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Everything Belongs to Us: A Novel par Yoojin…
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Everything Belongs to Us: A Novel (édition 2017)

par Yoojin Grace Wuertz (Auteur)

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8915232,283 (3.07)4
"This debut novel takes place at the elite Seoul National University in 1970s South Korea during the final years of a repressive regime. The novel follows the fates of two women--Jisun, the daughter of a powerful tycoon, who eschews her privilege to become an underground labor activist in Seoul; and Namin, her best friend from childhood, a brilliant, tireless girl who has grown up with nothing, and whose singular goal is to launch herself and her family out of poverty. Drawn to both of these women is Sunam, a seeming social-climber who is at heart a lost boy struggling to find his place in a cutthroat world. And at the edges of their friendship is Junho, whose ambitions have taken him to new heights in the university's most prestigious social club, called "the circle," and yet who guards a dangerous secret that is tied to his status. Wuertz explores the relationships that bind these students to each other, as well as the private anxieties and desires that drive them to succeed" --… (plus d'informations)
Membre:miriam2k
Titre:Everything Belongs to Us: A Novel
Auteurs:Yoojin Grace Wuertz (Auteur)
Info:Random House (2017), Edition: First Edition, 368 pages
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Mots-clés:fiction

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Everything Belongs to Us par Yoojin Grace Wuertz

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Everything Belongs to us is a novel about two girls, friends, Sujin who is very wealthy and hates being wealthy and Namin, very poor and hates being poor...their families, their dreams, their boyfriend, Sunam - shared for a while. I lived in Korea for 20 years, 1965-1985, working with many college -aged students so was very interested in this story and how it told. I thought it would be a little different from my other Korean reads, though like every Korean movie and novel I've ever seen or read, it is soap opera-ish in the problems faced and the sorrows experienced. Lots of family dynamics. It's a long book, and I was on the brink of giving up on it when the plot became intensely interesting and held me to the end. When things were at their very worst, the story ended and was followed by an epilogue that I greatly appreciated. The book is worth the investment of time. I recognized so much of the Korean cultural and social milieu of the 70's and 80's and that made it especially engaging. It was something of an inside look at things I've observed as an outsider. I found the writing quite good and was struck time and again by her descriptions of behavior and scenes that I thought were quite apt and beautiful. I think I'll remember this book and its three main characters for a long time. ( )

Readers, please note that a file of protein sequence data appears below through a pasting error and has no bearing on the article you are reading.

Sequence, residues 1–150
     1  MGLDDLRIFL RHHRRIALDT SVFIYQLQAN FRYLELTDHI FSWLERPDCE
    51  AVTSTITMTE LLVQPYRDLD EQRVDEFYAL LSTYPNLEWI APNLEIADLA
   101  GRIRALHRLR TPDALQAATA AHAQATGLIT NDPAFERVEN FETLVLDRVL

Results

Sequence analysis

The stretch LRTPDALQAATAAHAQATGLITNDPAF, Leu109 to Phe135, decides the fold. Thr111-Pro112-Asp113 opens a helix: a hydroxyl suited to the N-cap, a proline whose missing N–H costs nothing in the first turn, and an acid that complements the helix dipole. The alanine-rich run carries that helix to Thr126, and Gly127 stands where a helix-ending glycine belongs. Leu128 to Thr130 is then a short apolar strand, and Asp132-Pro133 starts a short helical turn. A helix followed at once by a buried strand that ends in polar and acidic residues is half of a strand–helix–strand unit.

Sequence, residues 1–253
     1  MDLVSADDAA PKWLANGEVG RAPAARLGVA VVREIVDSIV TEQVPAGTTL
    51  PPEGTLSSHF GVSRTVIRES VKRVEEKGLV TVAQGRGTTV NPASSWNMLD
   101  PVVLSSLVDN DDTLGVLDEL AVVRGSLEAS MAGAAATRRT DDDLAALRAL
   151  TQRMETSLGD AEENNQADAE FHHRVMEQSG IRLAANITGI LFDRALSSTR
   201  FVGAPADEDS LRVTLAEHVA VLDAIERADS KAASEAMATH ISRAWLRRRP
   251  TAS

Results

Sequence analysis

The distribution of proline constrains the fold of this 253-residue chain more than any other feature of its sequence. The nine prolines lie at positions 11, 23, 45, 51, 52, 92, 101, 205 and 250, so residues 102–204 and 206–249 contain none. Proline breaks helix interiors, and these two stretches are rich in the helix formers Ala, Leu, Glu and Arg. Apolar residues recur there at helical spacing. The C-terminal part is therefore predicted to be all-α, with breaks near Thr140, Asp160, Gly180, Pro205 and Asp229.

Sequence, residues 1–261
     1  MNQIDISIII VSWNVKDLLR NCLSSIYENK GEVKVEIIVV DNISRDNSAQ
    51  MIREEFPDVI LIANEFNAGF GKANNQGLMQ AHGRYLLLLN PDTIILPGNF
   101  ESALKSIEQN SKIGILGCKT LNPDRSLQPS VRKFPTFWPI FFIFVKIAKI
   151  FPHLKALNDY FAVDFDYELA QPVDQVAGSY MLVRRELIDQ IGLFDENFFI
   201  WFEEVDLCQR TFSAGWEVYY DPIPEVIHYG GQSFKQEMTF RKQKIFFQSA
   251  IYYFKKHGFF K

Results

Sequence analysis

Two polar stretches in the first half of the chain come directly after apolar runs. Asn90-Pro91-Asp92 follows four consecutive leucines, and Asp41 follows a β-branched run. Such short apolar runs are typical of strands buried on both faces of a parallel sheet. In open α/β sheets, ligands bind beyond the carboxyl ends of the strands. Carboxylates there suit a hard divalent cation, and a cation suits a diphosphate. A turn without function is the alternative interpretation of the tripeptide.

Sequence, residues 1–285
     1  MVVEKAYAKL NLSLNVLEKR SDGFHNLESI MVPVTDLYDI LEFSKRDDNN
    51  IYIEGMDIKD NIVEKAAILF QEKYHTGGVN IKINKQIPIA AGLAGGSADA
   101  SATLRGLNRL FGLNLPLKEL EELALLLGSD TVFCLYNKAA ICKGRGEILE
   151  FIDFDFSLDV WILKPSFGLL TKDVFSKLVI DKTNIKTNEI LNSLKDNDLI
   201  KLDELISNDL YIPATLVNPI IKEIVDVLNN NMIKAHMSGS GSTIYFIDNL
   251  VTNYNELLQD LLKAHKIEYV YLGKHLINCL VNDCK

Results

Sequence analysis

MarthaHuntley | Jun 24, 2019 |
The setting and characters are stellar, the writing and storyline not so much. And I really wish Wuertz had not included the epilogue, which I think weakens the book. Still, recommended if you are as obsessed with Korea as I am. ( )
  GaylaBassham | May 27, 2018 |
Originally posted on Tales to Tide You Over

I’ve reviewed books that have uncommon narrative styles before, but this is the first time I found myself lost in cultural differences, not just between my culture and theirs but within their culture and the different social strata. No, this is not a criticism. It was fascinating to catch myself having expectations because of the seemingly traditional narrative approach only to have them turned upside down.

Basically, Everything Belongs to Us is a small story, or rather a collection of small stories, that became a deep dive into the culture of South Korea starting around 1978, long enough for a new generation to grow up after the Korean War. This is critical because of the consequences and impact the war left behind in both the physical world and the social structures while the main characters have neither experienced the time before nor the war itself.

The economic disparity, the focus on education and children as the guardians of the future, and the political rhetoric is presented in a matter-of-fact manner that begs you to reflect on what you’re seeing. This is not a simple story despite being shown through often uncritical eyes because it reveals the tradeoffs and consequences both within families and the larger picture. It shows the path to radicalization, but also the conflict and social strata within the radical movements and society as a whole.

It’s not a happy story, though it has its moments, and the cultural differences are never clearer than when a ghost appears but does not transform the book into a paranormal fantasy. It’s another fact of life in their culture. No one questions this as out of the ordinary.